Members of Congress also worry that the FCC is overstepping its authority. In a letter dated December 19 addressed to Martin, U.S. Rep. Mike Doyle (D-Penn.) urged the chairman to postpone any action on the video franchising issue.
"I am very concerned that the commission may be taking an action for which it does not have legal authority and that has not had proper congressional or public scrutiny," he said. "I share your goal of increasing competition for television services, but I believe that the proposed order may be unnecessary for achieving this goal, not to mention ineffective and unfair."
Doyle said in his letter that putting a 90-day limit on franchise negotiations between local municipalities and new entrants, such as the phone companies, which already have rights of way in communities, will actually provide a disincentive for new providers to negotiate in good faith. According to Martin's proposal, if the 90-day period is reached without an agreement, the new entrant would still be allowed to offer service.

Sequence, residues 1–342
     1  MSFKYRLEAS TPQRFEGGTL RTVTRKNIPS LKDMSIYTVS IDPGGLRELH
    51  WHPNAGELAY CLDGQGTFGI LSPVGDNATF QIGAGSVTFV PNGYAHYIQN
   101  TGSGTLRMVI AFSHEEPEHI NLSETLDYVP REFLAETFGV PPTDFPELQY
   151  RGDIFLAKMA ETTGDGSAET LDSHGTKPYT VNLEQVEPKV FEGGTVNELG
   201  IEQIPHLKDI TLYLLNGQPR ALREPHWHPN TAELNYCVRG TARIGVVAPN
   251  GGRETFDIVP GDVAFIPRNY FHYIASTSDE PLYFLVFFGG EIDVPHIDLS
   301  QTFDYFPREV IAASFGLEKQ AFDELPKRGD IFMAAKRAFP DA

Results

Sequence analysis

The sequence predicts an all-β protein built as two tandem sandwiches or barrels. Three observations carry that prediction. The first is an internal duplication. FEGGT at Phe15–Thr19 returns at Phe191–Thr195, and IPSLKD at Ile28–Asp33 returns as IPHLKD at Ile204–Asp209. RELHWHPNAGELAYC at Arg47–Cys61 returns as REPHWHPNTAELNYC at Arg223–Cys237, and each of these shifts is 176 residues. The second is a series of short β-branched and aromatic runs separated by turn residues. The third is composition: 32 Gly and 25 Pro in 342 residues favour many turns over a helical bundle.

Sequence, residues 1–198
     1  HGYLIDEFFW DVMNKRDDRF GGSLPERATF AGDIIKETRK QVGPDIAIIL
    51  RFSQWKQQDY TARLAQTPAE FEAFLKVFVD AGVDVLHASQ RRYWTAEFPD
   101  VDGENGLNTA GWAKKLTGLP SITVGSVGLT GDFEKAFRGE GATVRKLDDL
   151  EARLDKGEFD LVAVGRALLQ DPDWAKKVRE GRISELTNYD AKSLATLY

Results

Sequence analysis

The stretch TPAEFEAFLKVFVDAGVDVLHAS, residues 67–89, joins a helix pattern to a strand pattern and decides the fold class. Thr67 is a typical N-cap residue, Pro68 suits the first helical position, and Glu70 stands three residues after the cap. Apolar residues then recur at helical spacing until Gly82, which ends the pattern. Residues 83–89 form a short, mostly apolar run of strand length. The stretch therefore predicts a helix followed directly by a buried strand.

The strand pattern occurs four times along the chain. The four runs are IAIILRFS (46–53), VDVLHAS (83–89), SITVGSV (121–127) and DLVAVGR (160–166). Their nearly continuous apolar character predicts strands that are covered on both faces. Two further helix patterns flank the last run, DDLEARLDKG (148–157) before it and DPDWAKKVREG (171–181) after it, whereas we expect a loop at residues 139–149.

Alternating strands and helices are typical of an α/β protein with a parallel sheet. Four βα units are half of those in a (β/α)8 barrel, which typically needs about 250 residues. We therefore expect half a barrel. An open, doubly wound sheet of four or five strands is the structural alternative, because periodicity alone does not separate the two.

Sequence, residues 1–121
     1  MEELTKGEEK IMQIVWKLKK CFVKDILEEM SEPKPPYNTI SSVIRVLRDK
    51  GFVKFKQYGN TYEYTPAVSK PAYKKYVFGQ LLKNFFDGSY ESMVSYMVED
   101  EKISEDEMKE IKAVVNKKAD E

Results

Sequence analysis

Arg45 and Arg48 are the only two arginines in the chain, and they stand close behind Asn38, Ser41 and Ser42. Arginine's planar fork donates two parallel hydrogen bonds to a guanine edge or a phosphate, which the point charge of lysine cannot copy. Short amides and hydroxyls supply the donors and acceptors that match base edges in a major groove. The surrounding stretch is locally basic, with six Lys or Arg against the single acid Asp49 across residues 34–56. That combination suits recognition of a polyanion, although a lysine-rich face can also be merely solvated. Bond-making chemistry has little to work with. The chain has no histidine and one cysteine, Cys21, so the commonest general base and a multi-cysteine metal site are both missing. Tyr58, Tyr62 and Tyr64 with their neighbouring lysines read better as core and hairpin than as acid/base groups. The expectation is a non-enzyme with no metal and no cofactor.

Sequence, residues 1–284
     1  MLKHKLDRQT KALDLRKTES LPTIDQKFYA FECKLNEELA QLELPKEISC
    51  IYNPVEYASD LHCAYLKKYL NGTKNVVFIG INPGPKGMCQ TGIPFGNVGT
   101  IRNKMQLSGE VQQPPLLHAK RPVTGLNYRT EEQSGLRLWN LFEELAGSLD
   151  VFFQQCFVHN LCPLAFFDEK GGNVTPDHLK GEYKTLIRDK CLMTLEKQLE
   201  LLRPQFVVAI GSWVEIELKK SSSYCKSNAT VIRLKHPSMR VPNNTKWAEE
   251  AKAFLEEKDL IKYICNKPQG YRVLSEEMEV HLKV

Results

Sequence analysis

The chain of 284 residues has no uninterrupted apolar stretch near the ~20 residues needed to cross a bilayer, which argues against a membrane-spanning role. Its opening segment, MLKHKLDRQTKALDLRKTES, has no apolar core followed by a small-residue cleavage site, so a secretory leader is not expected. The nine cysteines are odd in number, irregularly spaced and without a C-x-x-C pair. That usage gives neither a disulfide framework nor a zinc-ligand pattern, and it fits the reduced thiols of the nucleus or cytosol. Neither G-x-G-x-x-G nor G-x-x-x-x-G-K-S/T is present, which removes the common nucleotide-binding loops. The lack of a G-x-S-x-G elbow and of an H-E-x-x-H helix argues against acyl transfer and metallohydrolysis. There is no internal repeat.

Doyle also questioned Verizon's claims that the current franchise process has slowed its deployment of TV service. Today Verizon offers its Fios TV service to more than 1 million homes. And it plans to have more than 175,000 subscribers signed up by the end of the year, the company stated in recent FCC filings.
But Doyle claims that in his home state of Pennsylvania, Verizon has been obtaining franchises faster than it has been able to deploy its video service. So far, Verizon has agreed to initiate franchise negotiations in only four of Pennsylvania's 67 counties, all of which are suburbs of Philadelphia, he said.
While other communities outside the Philadelphia metro area have requested Verizon's Fios TV service, the company has actually refused to negotiate with some communities, because they don't meet Verizon's internal deployment schedules.
Finally, Doyle questioned the FCC's authority to impose such terms and conditions for negotiating franchise agreements. He claims that Title VI of the Communications Act is clear that the authority to award a franchise resides with local franchising authorities, not the commission. As a result, he said he believes the FCC is "walking into a legal minefield."